Thursday, April 14, 2011

Walls Have Ears

"First they turn to their friends, then they turn to their mothers."

The dialogue caught my attention. A segment on young girls hurting themselves was on the Today show. Of course, it doesn't take much to get me thinking.....and this did.

They went on to talk about how important it is for mother to give her daughters praise. Yes, girls have the emotional roll-a-coaster, but boys do as well. Boys may not express their feelings as easily, but they have feelings they may not know how to express.

I was listening to another show last week talking about what women want men to know, about men wanting to be able to better understand women. I'm not sure what I'm getting at here, but I know what I've observe.

I often hear women talking about their husbands in front of their children, in front of their sons....and daughters. But I think that boys gather an attitude about what they are supposed to be as a man. I grew up in a time when women were geared to make the man the head of the house. Dinner was on the table when Daddy got home. The house was clean, the children eagerly waiting for Dad to walk through the door. Life was orderly and seemed perfect.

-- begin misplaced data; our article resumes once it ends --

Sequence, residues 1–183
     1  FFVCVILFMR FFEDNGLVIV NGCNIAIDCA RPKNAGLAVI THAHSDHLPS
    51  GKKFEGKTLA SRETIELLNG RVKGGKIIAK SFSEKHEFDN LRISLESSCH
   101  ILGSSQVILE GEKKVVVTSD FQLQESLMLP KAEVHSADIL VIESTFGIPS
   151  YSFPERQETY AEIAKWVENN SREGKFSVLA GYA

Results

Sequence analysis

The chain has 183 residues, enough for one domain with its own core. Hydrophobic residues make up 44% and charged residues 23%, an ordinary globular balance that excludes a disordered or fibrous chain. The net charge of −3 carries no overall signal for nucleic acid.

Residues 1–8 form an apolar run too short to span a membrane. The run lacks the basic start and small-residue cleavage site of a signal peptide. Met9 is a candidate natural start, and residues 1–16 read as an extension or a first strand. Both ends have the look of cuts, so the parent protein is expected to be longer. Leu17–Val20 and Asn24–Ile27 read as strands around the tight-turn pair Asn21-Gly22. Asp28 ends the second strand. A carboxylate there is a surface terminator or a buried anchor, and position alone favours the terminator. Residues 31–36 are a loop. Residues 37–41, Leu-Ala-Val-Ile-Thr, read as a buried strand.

When I was divorced, I learned that sons need to talk. They need to learn to express their feelings and to feel okay about it. They need to learn respect for both sexes from their parents. That requires both parents respecting one another, or at least trying not to bash the other person.

"Walls have ears," my mother always said. Yes, indeed they do.

"Grammy, you complimented the people who make the game," Gabby said. "You didn't compliment me."

Who would think that you could compliment Mario? Sometimes what we say comes out differently to the ears of the child.

Fathers are just as important if not more so to their daughters....and sons. Fathers can set the stage for the type of man their daughters will look for some day and will open door for their daughters to talk to their husbands. Parents sharing with their children will encourage the child to share with the parent.

Well, I've talked myself out. This isn't so much for you, but more for me. I know what I missed in my life. Working with teenagers, I know what they needed. Having children and grandchildren has opened new pages in my book of life lessons.

Parents, Grandparents, we have a duty to our families to be honest, open, full of praise and available. It's a good thing we do.

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